Plenty of young men in Toronto have retired their razors, not for religious reasons, but as a calling card to hipster culture. Doesn’t matter. They are what the Toronto Jewish Film Festival (TJFF) call “Jewish enough.”
The organization’s new ad campaign plays up the role of Jewish culture in the average consumer’s life, letting them know if they love bagels or say “gesundheit” after someone sneezes, they’re “Jewish enough” to enjoy Jewish films.
The FCB-crafted pro bono campaign aims to broaden TJFF’s appeal amongst non-Jewish movie goers; a strategy that began when the festival started working with FCB last year. The festival’s 2014 campaign, which similarly used quirky humour to target non-Jewish film fans, helped boost box office sales 10% year-over-year.
Jon Flannery, chief creative officer, FCB Toronto, said this year TJFF challenged the agency to continue that audience expansion with an extra emphasis on urban millennials.
“It’s a great marketing challenge. You’ve got these great, diverse films that you’re probably not going to see elsewhere,” Flannery said. “Yet [TJFF] has this built-in audience limit in that people automatically assume since it’s a Jewish film festival, it’s for and by Jewish people, and that’s not really the case.”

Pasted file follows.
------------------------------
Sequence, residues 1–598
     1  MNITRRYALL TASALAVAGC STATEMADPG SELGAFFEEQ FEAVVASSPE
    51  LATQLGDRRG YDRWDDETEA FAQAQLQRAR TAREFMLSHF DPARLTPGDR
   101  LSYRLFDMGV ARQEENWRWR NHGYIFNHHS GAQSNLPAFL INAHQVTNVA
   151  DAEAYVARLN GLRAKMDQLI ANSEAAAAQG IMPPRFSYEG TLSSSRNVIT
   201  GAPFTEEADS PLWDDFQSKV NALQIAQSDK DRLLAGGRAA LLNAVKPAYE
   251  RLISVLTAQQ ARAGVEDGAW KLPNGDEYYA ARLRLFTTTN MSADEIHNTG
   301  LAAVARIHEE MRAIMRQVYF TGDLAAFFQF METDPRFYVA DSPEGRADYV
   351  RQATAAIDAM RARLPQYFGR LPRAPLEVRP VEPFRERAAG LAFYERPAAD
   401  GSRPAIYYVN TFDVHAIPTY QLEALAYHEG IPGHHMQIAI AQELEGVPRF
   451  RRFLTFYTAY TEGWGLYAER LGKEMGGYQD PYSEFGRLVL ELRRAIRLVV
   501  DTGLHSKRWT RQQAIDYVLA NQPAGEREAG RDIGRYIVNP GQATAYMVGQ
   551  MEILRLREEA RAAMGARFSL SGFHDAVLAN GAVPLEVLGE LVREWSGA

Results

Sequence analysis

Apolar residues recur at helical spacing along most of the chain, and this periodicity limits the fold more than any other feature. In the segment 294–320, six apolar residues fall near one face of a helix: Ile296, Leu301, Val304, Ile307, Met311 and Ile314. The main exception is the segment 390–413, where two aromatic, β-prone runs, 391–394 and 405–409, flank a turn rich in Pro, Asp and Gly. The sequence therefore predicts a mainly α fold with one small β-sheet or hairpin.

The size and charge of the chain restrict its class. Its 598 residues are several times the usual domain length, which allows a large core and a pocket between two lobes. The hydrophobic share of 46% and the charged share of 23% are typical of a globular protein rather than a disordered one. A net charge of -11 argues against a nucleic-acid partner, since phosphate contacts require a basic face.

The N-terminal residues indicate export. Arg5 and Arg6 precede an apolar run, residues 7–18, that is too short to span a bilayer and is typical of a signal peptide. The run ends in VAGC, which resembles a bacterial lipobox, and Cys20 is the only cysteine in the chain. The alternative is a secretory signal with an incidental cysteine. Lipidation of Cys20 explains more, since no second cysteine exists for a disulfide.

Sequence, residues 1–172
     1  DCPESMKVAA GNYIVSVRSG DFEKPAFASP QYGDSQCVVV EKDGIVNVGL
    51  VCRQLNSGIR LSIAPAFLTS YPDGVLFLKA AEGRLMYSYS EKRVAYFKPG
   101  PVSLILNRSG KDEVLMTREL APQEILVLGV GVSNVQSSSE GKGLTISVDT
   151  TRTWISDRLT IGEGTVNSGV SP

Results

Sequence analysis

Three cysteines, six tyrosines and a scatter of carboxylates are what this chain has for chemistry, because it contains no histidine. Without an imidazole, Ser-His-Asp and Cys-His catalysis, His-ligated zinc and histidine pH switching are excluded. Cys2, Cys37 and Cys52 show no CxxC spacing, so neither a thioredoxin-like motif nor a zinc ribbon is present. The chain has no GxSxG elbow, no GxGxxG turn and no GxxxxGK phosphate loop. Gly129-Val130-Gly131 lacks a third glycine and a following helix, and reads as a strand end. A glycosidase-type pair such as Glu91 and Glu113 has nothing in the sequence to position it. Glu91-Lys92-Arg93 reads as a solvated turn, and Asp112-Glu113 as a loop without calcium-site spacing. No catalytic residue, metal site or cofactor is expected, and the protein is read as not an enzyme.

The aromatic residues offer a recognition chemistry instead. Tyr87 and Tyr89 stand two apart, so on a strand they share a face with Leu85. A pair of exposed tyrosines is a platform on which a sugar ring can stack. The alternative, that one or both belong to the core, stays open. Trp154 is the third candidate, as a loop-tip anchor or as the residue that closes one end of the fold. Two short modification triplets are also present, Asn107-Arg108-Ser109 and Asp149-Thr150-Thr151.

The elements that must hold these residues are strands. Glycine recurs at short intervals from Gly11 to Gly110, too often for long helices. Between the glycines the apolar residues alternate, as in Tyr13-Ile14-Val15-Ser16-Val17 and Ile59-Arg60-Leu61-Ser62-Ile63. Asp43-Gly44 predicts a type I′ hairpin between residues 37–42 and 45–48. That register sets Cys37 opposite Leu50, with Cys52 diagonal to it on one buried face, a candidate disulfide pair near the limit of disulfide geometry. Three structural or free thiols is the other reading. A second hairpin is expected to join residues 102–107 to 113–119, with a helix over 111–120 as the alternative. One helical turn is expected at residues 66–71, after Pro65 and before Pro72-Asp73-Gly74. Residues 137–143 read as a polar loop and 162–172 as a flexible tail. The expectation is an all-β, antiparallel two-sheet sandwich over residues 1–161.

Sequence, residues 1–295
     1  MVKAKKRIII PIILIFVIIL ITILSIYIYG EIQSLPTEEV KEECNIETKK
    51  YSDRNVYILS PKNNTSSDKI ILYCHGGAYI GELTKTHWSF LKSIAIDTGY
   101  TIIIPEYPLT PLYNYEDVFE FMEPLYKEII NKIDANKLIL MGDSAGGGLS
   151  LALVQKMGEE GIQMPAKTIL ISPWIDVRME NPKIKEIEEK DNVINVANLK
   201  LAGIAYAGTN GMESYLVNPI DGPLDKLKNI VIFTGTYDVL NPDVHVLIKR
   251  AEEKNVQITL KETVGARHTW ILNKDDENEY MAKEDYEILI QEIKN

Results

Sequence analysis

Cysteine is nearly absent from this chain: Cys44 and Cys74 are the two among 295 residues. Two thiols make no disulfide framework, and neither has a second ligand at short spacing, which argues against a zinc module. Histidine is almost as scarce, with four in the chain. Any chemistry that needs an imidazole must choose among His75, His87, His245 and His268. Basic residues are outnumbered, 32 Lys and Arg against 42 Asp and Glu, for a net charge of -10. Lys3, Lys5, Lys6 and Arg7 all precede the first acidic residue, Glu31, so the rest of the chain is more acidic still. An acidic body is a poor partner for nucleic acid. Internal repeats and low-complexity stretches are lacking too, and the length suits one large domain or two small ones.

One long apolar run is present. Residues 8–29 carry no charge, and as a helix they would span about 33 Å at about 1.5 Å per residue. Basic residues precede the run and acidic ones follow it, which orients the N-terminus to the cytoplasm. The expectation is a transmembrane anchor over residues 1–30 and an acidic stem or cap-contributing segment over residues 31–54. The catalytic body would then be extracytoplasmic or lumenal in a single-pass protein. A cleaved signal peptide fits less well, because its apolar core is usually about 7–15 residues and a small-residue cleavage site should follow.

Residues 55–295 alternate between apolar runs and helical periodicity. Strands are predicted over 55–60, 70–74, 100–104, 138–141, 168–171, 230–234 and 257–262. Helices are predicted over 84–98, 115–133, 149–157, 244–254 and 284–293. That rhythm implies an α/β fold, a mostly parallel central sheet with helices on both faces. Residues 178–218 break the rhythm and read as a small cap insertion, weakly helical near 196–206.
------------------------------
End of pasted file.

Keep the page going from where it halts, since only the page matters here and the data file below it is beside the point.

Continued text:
“These are films for people who live film, regardless of whether they’re Jewish or not.”
Each of the campaign’s four TV spots play off of one Jewish signifier, from a woman toasting a bagel to a tattooed hipster combing his long beard.
The ads were crafted with shareability in mind, Flannery said, and use a humour the agency thinks will appeal to young people. One spot in particular alludes to an accidental circumcision by a man at a urinal.
With that spot, Flannery said the agency refrained from exaggerating the joke to keep it in good taste. “We wanted to underplay that. It’s a poignant joke and that goes a long way,” he said.
The campaign includes radio, OOH, print and digital display. It is currently running on donated ad space. Initiative Media helped secure TV space, including ad slots on Global TV, Israeli Network and Hollywood Suite.
The print ads are running in the Toronto Star and Now Magazine.